Ryan Rutan: Welcome back to another episode of the startup therapy podcast, this is Ryan Rutan joined by my partner and friend Ceo and founder of startups dot com Wil schroder Well, you know, we hear that money can't buy happiness and it's one of those things where in startup land, you know, we start businesses for lots of reasons, right? But money is always at least some component of it, because at a bare minimum we sort of needed to survive, right us the business, the people that we pay to help us build the business, you know, there may be some grander vision there, but at the end of the day, the things need to make money and we've sort of tied this idea that, you know, each and every one of our own versions of happiness somehow has money tethered to it, which rather implies that like once we have money we're happy in your experience and mine, let's dig through like where that's been true and for how long and what the fallacies
Wil Schroter: there are. Well, I think it's a big thing to be so convinced of that money can buy happiness because think of how much time and effort and and we're deferring all these hopes and dreams and you know, relationships for this goal and what if that goal that money is going to buy this happiness was untrue, you know what if we were spending all of that time toward this and we got over the other side of it and we were like, wait a minute, that didn't do it at all, what I thought it was going to do. Exactly, and I never really spent the time to unpack what was essentially a myth and I've got a caveat this, right. And I think we've talked about this before in other episodes, it's always easy for someone to say money can't buy happiness because they usually have it
Ryan Rutan: right, It's typically, it's typically not said by somebody standing in the soup kitchen line. Right.
Wil Schroter: Exactly, right. And so I think what we should talk about today a bit is not just why money can't buy happiness, but I think we should also talk about why being in debt or being on the other side of it is actually just a different problem altogether than happiness, because I think at its core, what we're missing is the fact that not having money breeds endless misery, right? That's well proven, and I don't think anybody needs to be convinced of that, but I think there's this concept or this causation, I think if you said it before, whereby if I change that and I have money, well that must mean happiness comes because not having it makes me sad.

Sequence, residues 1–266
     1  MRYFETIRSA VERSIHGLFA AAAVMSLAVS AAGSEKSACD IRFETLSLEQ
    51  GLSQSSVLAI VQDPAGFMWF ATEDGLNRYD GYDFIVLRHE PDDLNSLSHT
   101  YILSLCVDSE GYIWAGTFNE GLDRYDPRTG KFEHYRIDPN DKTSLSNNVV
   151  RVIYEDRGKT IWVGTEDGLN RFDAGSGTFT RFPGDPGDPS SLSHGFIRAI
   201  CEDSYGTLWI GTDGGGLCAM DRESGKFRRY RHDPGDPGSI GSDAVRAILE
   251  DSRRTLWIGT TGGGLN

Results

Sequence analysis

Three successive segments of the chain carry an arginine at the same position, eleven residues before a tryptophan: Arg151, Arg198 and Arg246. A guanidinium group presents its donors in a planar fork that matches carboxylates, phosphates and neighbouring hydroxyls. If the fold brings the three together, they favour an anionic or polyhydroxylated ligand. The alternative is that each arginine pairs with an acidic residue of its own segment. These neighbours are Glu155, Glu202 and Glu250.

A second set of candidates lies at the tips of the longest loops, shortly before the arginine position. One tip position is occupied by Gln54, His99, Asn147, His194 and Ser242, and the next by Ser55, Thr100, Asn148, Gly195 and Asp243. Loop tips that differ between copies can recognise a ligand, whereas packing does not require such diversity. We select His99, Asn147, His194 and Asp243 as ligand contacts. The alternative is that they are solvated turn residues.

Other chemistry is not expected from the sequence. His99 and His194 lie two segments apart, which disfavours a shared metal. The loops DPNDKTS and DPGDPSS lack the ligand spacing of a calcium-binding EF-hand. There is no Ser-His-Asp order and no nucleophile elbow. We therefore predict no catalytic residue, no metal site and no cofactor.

Ryan Rutan: Right, well let's talk about the difference between those two things and let's talk about them in terms of their longevity. Right? So when you think about debt and happiness from a timeframe perspective that doesn't necessarily stop, right, Happiness is a fleeting moment. Right, Right, Right. I won't quote George Carlin on this one, but he had some nice thoughts on what happiness is they were all fairly short lived things. Whereas conversely debt can go on and on and on and the emotional impact of that can go on and on and on interestingly, you know and I think this is more of a U. S. Problem because I've talked to more and more people from far flung places where debt is not the automatic choice. It's as though we've become so accustomed to having some level of debt and when I say some level of debt, the level of debt that we're willing to accept in the U. S. Is massive. Like when I tell people that yeah you know like typical you know people are buying you know $500,000 homes like Where did they get all that cash? And like they don't they don't have any of that money, they put down 5%, they're like wait what? They put down $25,000 and now they have you know $475,000 in debt. I was like no it's actually more than that because there's closing costs, all this other stuff, they're just like that's insane and how long is that going to take them to pay off? Oh you know 30 years. Although there are some companies now doing 40 year mortgages and they're just like their mind blown, they're like. that feels like forever and I think that is kind of the point. Right?